In August of 2010, just shy of two years after McBride's retirement, the PBR surpassed $100 million paid to bull riders in the middle of its 17th season of competition. McBride is now one of 26 riders to have earned at least $1 million.

Shane Proctor and Brendon Clark, who will compete at the Built Ford Tough Series, in Tulsa, Okla., next week, are within $100,000 of passing the $1 million mark.

Throughout its 20th anniversary season, the PBR will profile the Top 20 Moments in PBR History. "$100 Million Milestone" is the latest in an ongoing series of moments.

"This is a major milestone for the PBR," said Senior Vice President of Competition Jay Daugherty. "We take pride in presenting the world's best bull riding competition and creating the largest earning potential for bull riders."

In the three calendar years since surpassing $100 million in Nashville, Tenn., where the BFTS will be on Aug. 24 and 25, the organization has already paid out another $30 million, including more than $9 million by the end of the 2013 season.

With its current payout, the PBR will surpass the $200 million milestone in half the time it took to reach the first $100 million.

Prior to the PBR, top-ranked bull riders might have earned $100,000 in their best season, with no rider reaching $1 million during their entire career, including eight-time champion Donnie Gay.


The general consensus of its original 20 founders is to continue working to make the PBR better.

"I always felt like we pointed it in a certain direction," said Cody Lambert, one of those founders, "and we're not looking for one place to be the finish."

The PBR has come a long way since Lambert won the very first PBR event ― in Ft. Worth, Texas ― and claimed the first check for $11,700.

"Being better isn't just measured in dollars," he said.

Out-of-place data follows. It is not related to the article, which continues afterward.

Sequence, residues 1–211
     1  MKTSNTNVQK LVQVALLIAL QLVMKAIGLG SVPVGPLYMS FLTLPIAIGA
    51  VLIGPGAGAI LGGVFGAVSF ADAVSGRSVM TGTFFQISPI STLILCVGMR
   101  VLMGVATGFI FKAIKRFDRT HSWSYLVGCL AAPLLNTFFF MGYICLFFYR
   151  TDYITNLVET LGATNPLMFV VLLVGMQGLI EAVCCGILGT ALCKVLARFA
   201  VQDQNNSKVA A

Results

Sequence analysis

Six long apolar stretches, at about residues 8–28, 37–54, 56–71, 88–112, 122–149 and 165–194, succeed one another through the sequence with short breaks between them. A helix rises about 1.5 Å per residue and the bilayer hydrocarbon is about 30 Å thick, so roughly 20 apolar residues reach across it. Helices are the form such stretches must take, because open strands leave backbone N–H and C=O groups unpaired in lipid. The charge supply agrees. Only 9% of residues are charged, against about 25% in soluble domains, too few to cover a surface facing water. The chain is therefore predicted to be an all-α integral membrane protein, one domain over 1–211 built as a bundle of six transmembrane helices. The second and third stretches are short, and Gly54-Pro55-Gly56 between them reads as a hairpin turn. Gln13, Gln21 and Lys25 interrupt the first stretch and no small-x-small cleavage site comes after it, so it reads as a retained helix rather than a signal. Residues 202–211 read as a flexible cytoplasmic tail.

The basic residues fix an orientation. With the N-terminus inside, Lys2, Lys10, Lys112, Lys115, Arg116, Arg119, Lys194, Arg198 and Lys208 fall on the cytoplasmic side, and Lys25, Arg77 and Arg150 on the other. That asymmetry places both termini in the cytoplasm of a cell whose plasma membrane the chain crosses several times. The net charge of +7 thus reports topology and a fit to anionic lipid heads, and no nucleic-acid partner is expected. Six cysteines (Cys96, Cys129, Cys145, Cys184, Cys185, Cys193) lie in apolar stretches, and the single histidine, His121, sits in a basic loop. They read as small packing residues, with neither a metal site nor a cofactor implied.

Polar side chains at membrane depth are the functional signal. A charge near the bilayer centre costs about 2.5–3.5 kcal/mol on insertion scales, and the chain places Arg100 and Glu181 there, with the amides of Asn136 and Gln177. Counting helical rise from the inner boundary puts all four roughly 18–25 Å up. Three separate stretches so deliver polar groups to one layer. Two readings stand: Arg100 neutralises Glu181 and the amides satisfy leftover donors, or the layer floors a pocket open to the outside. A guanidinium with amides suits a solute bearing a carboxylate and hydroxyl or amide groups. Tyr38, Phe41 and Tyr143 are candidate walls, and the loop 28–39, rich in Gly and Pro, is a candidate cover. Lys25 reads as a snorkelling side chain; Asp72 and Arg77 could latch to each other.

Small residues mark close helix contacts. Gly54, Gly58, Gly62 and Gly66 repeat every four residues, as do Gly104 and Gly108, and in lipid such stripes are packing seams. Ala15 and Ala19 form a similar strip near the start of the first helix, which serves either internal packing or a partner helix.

The organization's mission has always been to provide fans with the best riders and bulls in the best venues.

RELATED: It all started in a motel room

"Being in the PBR, in any capacity, is not for everyone, and that's fine," Lambert explained. "But if it's about bull riding and you want to be the best, and you want to be involved with the very best, then there's only one major league. There's the PBR way up here and then there's all kinds of other little bull ridings way down below that.

"Everybody can't be that good," he continued, "or it wouldn't separate the major league from everything else-the bulls are better, the riders are better, the fans are better, the venues are better, there are more [events] and they're on television."

Just as the founders didn't make excuses for their shortcomings, those involved with the PBR today "refuse to accept defeat."

"That's what's so gratifying about it," said Lambert. "Knowing we could have quit, given up and gone back to riding and not worrying about the other things. We made a true effort to get better and make things better."

Their efforts not only made it better for future generations, it also seems, at least to some, to have made it easy to make a living.


When he retired, McBride thought it was only a matter of time before riders like Guilherme Marchi, Kody Lostroh and J.B. Mauney would surpass his PBR career record of $5,124,418.42. Thinking ahead, he also said, "Or maybe somebody else will come along."

That someone is Silvano Alves.

The two-time reigning World Champion is on pace to shatter McBride's career-earnings mark.

He made his debut in April of 2010 ― just four months before the organization passed $100 million ― and since then he's already earned $3,565,498.67. He's also set the mark as the fastest man to earn $1 million, $2 million and $3 million.